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If you're not planning on enlarging photos beyond 4 x 6 I doubt you'd notice much difference. The Sony has some fancy sensors and image processing that the Canon doesn't: With the HX5V most people are after the new back-illuminated 'Exmor R' CMOS sensor, its supposed to have a 200% increase in sensitivity over other cameras in low light, though some users don't believe it works like it should. (Sony's WX1 and TX1 also have this sensor). Anti Motion Blur (takes up to 6 shots at high speed & iso and then picks the sharpest version of moving objects and copies it to the final image). iSweep Panorama. Allows you to sweep the camera horizontally to capture a 256 degree panoramic! A lot of fun and excellent results. Ok, so there are some other fancy features that make taking good pictures easier but if you like to play around with all the settings manually you might feel a bit limited. As far as picture quality, I don't think you'll have to worry about any blur, in fact, some complained about pictures being over sharpened. Compare these two test images to make your own opinion: Canon: http://75.126.132.154/PRODS/SX210IS/FULLRES/SX210IShSLI0080.jpg Sony: http://75.126.132.154/PRODS/HX5V/FULLRES/HX5VhSLI0125.JPG There are two other features that stand out to me about the Sony: It has a higher resolution of movie shooting 1080p vs. 720p. You'll only notice the difference if watching on a large TV though. Secondly, it has a GPS feature that allows for geotagging photos. The advantages that the Canon has over the Sony: 14x zoom (28mm-392mm) vs 10x zoom (25-250mm). 9 different flash modes vs 4 on the Sony. The Canon takes much better (brighter) video than the Sony indoors only. Overall I'd say the Sony has more features that make it fun and easy to use but the Canon probably outperforms the Sony if we're talking about image quality. Again, if you aren't really viewing your images at high resolutions than I might go with the HX5v or even go with the Sony WX1, you'll only be sacrificing the 10x zoom and full 1080p video resolution. If you want to research more, lookup comparisons between the two sensors: CMOS (Sony's) vs CCD (Canon's).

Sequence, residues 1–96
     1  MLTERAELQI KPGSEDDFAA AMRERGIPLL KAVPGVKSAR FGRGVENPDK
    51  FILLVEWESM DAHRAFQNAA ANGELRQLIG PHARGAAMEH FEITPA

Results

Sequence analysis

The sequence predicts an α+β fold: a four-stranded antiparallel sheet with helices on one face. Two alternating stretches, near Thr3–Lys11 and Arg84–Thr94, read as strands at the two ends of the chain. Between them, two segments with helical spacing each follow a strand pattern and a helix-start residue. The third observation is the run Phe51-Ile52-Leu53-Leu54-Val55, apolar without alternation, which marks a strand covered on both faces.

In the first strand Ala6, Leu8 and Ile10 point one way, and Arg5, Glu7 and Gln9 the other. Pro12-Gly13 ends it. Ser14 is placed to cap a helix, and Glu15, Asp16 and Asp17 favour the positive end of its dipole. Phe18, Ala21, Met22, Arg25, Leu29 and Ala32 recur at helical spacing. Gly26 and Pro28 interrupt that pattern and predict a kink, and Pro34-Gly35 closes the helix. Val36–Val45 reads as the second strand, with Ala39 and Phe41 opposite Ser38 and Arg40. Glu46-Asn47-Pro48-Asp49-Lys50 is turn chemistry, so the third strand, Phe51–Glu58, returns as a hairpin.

Apr 21, 2010 by K. Spangle